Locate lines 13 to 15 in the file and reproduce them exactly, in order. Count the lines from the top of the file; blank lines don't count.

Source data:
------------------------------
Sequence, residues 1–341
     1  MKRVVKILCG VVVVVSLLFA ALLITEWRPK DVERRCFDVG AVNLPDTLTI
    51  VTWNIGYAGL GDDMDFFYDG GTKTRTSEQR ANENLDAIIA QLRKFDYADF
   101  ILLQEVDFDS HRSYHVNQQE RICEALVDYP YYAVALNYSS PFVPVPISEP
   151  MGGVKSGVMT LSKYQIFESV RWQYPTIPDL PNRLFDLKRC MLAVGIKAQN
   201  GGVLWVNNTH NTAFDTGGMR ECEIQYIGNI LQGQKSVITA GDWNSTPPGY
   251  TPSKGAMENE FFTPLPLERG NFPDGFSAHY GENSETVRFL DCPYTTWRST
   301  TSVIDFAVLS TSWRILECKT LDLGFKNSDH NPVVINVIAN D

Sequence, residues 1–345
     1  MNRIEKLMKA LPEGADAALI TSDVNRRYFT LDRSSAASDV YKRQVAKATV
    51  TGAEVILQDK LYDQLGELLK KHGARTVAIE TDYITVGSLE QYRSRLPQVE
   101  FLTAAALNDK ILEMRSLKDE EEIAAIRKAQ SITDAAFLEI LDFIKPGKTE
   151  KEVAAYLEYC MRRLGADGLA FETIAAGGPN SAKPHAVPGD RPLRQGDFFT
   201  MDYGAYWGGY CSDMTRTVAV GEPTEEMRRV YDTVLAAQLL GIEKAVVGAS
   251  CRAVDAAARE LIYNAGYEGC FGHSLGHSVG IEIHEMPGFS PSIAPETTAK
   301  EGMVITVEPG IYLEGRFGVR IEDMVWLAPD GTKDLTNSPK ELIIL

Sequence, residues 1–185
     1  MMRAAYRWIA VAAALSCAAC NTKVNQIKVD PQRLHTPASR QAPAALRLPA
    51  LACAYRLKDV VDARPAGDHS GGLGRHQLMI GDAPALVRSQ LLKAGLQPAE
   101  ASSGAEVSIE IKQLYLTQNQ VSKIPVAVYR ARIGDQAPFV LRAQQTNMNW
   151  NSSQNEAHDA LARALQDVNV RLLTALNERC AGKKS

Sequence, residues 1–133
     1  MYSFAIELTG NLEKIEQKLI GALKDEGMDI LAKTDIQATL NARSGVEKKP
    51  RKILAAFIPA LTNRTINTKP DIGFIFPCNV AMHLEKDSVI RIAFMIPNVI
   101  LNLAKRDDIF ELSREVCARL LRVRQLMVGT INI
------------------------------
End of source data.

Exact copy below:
   151  KEVAAYLEYC MRRLGADGLA FETIAAGGPN SAKPHAVPGD RPLRQGDFFT
   201  MDYGAYWGGY CSDMTRTVAV GEPTEEMRRV YDTVLAAQLL GIEKAVVGAS
   251  CRAVDAAARE LIYNAGYEGC FGHSLGHSVG IEIHEMPGFS PSIAPETTAK